If Aceh can operate syariah laws and gets away with it, there’s no reason Manokwari can’t!

  4. Cukurungan says:

    I think this is very Good Idea just let them manage theirs internal affairs and let see which working better a biblical law in Meraoke or Sharia Law in Aceh.

    Without a stringent law in place a papuanese could be extinct by themselves in next 50 years.

    Kaya Gaharu Trader brought there some ailments PSK in order to have “forests concession”, the true stories are going to reveal by itself that papuanes among highest HIV infected in Indonesia.

  5. Sputjam says:

    Papuans of Irian Jaya and Achenese are not Indonesians by choice. That is why the government allowed them greater autonomy in may areas.
    Clearly, both have decided to go backwards in terms of faith, probably to distance themselves from Indonesia proper, and to be more distinct and different.

  6. Janma says:

    Hey guys do you remember reading this? I think it puts biblical law into perspective….
    written by a Christian to a preacher, Dr Laura.

    Dear Dr. Laura:

    Thank you for doing so much to educate people regarding God’s Law. I have learned a great deal from your show, and I try to share that knowledge with as many people as I can. When people try to defend the homosexual lifestyle, for example, I simply remind them that Leviticus 18:22 clearly states it to be an abomination. End of debate.

    I do need some advice from you, however, regarding some of the specific laws and how to follow them:

    a) When I burn a bull on the altar as a sacrifice, I know it creates a pleasing odor for the Lord (Lev.1:9).The problem is my neighbors. They claim the odor is not pleasing to them. Should I smite them?

    b) I would like to sell my daughter into slavery, as sanctioned in Exodus 21:7. In this day and age, what do you think would be a fair price for her?

    c) I know that I am allowed no contact with a woman while she is in her period of menstrual uncleanness (Lev.15:19-24). The problem is, how do I tell? I have tried asking, but most women take offense.

    d) Lev.25:44 states that I may indeed possess slaves, both male and female, provided they are purchased from neighboring nations. A friend of mine claims that this applies to Mexicans, but not Canadians. Can you clarify? Why can’t I own Canadians?

    e) I have a neighbor who insists on working on the Sabbath. Exodus 35:2 clearly states he should be put to death. Am I morally obligated to kill him myself?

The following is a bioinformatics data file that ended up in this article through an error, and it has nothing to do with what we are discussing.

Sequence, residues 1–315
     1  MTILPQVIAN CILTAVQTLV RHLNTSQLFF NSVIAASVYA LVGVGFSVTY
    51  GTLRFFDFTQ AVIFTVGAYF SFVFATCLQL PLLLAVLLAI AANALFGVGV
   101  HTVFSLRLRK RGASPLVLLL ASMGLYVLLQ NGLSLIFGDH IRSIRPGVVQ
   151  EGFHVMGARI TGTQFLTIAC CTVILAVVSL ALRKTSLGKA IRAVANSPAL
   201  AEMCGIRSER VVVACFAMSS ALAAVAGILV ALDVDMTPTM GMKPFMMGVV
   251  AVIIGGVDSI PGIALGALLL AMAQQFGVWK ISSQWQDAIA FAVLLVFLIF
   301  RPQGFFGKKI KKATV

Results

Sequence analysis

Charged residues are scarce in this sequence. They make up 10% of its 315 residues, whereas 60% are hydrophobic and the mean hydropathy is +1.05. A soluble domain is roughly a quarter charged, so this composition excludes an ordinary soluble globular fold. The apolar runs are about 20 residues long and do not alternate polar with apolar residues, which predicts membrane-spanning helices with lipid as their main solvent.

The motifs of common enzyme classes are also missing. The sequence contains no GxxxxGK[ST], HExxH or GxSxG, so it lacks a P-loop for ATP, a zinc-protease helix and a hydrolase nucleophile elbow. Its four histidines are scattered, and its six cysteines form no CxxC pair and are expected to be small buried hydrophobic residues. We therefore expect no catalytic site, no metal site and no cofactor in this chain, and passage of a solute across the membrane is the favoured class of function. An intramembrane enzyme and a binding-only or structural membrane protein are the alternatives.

f) A friend of mine feels that even though eating shellfish is an abomination (Lev.11:10), it is a lesser abomination than homosexuality. I don’t agree. Can you settle this?

    g) Lev.21:20 states that I may not approach the altar of God if I have a defect in my sight. I have to admit that I wear reading glasses. Does my vision have to be 20/20, or is there some wiggle room here?

    h) Most of my male friends get their hair trimmed, including the hair around their temples, even though this is expressly forbidden by Lev. 19:27. How should they die?

    i) I know from Lev.11:6-8 that touching the skin of a dead pig makes me unclean, but may I still play football if I wear gloves?

    j) My uncle has a farm. He violates Lev.19:19 by planting two different crops in the same field, as does his wife by wearing garments made of two different kinds of thread cotton/polyester blend. He also tends to curse and blaspheme a lot. Is it really necessary that we go to all the trouble of getting the whole town together to stone them (Lev.24:10-16)? Couldn’t we just burn them to death at a private family affair like we do with people who sleep with their in-laws? (Lev.20:14)

    I know you have studied these things extensively, so I am confident you can help. Thank you again for reminding us that God’s word is eternal and unchanging.

  7. Marie Antoinette says:

    What’s next? Hindu law for Bali?

  8. Rambutan says:

    I guess in the case of bible-based by-laws in Manokwari the Ministry of Home Affairs will react quickly and cancel them. This might actually be positive in the long run as it would set a precedent for all religion-based by-laws in Indonesia and might result in other syariat-based regulations being revoked. So let’s hope that for once the Ministry is doing its job properly.